# performace statistics

an analyst calculated the following performace statistics for mutual fund over a 15 years period. Geometric mean return 12.5 arithmetic mean return 9.6 standard deviation 19.5 mean absolute deviation 21.9 The analyst most likely made one or more errors in calculationg the measure that are related to A both return and dispersion b neither return nor dispersion c return but not in calculating the measures related to dispersion d dispersion but not in calculation the measures related to return

c - return figures are wrong. Is there any relationship b/w SD and MAD? S

Mad is lower then SD and Geometric is less than Arithmetic And thats all I know folks! Im guessing A Because from seeing so many test questions… One is related to MAD and SD (Dispertion) and other is related to Geo and Arith (returns) I am totally guessing.

C GM<=AM --> but our analyst gets GM>AM, therefore return calculation is wrong MAD>=SD —> dispersion looks correct MAD takes only absolute value (positive) and has to be higher than or equal to SD

Sconnery and thunder, can we get your consensus on MAD and SD please? I am not sure about this -MAD takes only absolute value (positive) and has to be higher than or equal to SD? Considering SD is squared and then taken root? How about the denominator in each of them- SD uses n-1 or n? MAD uses n-1 or n? Thanks for illuminating us. S

now, a^2+b^2+c^2 <= (a+b+c)^2 ==> MAD>=SD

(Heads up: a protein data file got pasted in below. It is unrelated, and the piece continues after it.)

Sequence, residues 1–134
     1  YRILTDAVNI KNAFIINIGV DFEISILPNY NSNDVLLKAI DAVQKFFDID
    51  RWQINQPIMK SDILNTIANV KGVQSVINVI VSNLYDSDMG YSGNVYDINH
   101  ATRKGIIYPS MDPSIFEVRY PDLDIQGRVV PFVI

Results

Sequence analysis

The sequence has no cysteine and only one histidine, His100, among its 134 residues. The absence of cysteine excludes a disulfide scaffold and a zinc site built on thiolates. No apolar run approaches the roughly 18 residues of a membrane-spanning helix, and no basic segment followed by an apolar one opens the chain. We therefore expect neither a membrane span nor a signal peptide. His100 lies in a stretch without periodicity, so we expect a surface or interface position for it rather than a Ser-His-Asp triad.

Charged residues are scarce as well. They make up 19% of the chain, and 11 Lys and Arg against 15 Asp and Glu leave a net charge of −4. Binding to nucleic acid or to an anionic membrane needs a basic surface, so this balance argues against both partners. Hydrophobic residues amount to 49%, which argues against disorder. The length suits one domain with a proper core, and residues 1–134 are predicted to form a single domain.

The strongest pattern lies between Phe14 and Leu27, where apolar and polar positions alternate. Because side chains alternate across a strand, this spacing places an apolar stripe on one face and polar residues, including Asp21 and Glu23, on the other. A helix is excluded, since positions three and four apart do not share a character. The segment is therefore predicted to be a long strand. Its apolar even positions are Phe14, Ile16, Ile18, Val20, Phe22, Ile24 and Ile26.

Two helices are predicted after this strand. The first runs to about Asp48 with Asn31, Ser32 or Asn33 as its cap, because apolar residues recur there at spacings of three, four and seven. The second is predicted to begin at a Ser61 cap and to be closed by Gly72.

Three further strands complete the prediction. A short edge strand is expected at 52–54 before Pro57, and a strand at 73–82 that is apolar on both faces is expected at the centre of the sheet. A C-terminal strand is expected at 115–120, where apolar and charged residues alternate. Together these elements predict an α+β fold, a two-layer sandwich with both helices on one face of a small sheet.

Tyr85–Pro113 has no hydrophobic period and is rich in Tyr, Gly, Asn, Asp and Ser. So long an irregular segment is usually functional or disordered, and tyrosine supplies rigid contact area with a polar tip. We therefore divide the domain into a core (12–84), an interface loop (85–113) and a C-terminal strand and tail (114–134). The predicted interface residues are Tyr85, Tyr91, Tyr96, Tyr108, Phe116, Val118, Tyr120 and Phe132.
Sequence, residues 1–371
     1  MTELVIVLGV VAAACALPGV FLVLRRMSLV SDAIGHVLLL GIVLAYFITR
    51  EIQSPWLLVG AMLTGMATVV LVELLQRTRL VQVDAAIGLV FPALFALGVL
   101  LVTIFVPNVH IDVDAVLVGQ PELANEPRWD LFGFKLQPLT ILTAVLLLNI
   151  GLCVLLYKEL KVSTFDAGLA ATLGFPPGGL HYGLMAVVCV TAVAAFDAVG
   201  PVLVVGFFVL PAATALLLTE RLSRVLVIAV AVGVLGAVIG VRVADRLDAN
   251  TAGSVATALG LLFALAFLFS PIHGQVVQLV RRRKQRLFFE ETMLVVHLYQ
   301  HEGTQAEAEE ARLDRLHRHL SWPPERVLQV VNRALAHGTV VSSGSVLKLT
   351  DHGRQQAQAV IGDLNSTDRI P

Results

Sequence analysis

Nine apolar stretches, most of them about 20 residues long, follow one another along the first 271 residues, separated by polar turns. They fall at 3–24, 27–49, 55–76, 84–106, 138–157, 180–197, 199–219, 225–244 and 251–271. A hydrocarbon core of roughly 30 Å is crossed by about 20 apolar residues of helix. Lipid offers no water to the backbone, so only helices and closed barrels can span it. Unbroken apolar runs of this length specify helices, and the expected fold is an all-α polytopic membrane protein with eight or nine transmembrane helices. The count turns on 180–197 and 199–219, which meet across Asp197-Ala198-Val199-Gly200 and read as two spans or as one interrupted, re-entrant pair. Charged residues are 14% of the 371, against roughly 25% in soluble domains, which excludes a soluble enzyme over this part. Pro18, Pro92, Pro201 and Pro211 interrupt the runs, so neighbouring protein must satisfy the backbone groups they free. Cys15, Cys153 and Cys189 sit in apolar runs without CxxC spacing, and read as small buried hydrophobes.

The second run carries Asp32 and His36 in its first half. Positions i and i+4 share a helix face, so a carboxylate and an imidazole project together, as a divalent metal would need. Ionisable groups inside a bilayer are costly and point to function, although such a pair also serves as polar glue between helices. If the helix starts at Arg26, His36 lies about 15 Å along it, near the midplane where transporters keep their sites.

The average absolute deviation from the mean is less than or equal to the standard deviation; one way of proving this relies on Jensen’s inequality. wikipedia? Oh I don’t think you square the MAD thunder.

now, a^2+b^2+c^2 <= (a+b+c)^2 ==> MAD>=SD Lets say mean is X, (and denominator should be same) MAD is calculated as – (a-X)+(b-X)+(c-X)+… = A+B+C+… SD will be Sqrt(A^2+B^2+C^2+…) clearly, A^2+B^2±-- <= (A+B+C+…)^2 Shouldn’t denominators be same, as n-1 is done only as it gives you unbiased estimate of population SD and so does it apply to MAD too. Need experts to confirm this !!!

SConnery Wrote: ------------------------------------------------------- > The average absolute deviation from the mean is > less than or equal to the standard deviation; one > way of proving this relies on Jensen’s > inequality. > > wikipedia? > > Oh I don’t think you square the MAD thunder. Sconnery - I wasn’t squaring MAD, but bringing sqrt from other side. The inequality I wrote will always hold good. But I just searched and you are correct. SD>=MAD. http://en.wikipedia.org/wiki/Median_absolute_deviation thanks